If you shoot mostly white background, cutout images for online catalogues, that you won't need to do much conversion work afterwards, and you want fast processing to deliver to the client, yeah, shoot JPEG.

But still, I shoot RAW. First, my clients never get the RAW files, meaning I can keep them as negatives, and anytime, prove I shot those photos, as I'm the only one to have the original RAW files. As if size was an issue these days. The problem is that if you shoot first, think later about what you want, you'll eventually kill 3 16Gb cards, regardless of the camera you're using. You'll end up, after a fashion photoshoot, with 6000 photos, to select 6 from those, to send to the magazine. If you compose, think on what you want first, the first thing you'll notice, is that you'll hardly get to 200 photos on every change of clothes... I try to limit to 72. When I shoot food, I shoot even less, I usually take 8 stills to 20 still in a single dish. Because I think first, I select first, I compose before I click, and sometimes, review on the notebook to see if I got it right.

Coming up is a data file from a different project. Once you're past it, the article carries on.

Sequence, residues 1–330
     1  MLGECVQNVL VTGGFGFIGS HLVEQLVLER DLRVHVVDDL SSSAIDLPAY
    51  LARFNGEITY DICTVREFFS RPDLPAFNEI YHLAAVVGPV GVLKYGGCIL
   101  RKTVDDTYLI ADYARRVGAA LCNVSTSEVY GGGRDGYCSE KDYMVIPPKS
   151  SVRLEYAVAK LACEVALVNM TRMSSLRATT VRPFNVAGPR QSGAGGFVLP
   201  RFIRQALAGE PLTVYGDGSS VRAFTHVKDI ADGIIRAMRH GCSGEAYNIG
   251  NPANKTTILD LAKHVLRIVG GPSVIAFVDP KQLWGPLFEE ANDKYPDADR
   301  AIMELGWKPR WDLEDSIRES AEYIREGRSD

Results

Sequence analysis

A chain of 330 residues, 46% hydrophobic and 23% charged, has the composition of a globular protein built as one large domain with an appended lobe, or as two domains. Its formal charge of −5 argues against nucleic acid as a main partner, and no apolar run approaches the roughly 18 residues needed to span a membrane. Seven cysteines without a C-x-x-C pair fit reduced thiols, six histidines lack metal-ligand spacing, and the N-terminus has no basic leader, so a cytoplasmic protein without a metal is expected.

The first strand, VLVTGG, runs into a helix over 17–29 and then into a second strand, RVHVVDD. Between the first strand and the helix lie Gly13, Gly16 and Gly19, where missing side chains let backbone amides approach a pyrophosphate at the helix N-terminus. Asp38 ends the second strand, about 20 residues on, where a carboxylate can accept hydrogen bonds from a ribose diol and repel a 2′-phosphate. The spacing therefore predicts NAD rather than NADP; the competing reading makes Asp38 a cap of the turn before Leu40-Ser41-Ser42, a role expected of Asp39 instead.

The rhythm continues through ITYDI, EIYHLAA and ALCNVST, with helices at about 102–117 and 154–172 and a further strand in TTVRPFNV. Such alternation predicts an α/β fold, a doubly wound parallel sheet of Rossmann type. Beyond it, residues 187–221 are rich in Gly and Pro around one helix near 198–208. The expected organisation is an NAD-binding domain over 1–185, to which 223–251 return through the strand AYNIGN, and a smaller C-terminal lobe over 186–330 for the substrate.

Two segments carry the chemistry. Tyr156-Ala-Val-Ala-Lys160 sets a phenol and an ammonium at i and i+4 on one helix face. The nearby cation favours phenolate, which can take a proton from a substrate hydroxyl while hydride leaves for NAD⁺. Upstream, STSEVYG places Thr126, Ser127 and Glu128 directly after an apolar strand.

So, all in all... I'm sure any experienced pro photographer will know when to shoot JPEG, when to shoot RAW. In my case, I think the distinct advantages of RAW over JPEG are worth keeping and working with file sizes 3 to 4 times bigger, as converting my RAW files into DNGs. Because, since we're talking files...

In 20 years, I'm pretty sure Adobe will continue it's support to the DNG file format, or will provide us with tools on converting from DNG into a new standard. Since we also have to move our files from old backup formats into newer ones ( from ZIP to CD, from CD into DVD... possibly from DVD into Solid State HDs or BluRay or some other format.... ), not a big deal. Can I be sure Adobe will still support the first RAW CRW Canon format's in 20 years? Will my first photos with a 300D be still readable on the native RAW format, or only the DNG ones will survive?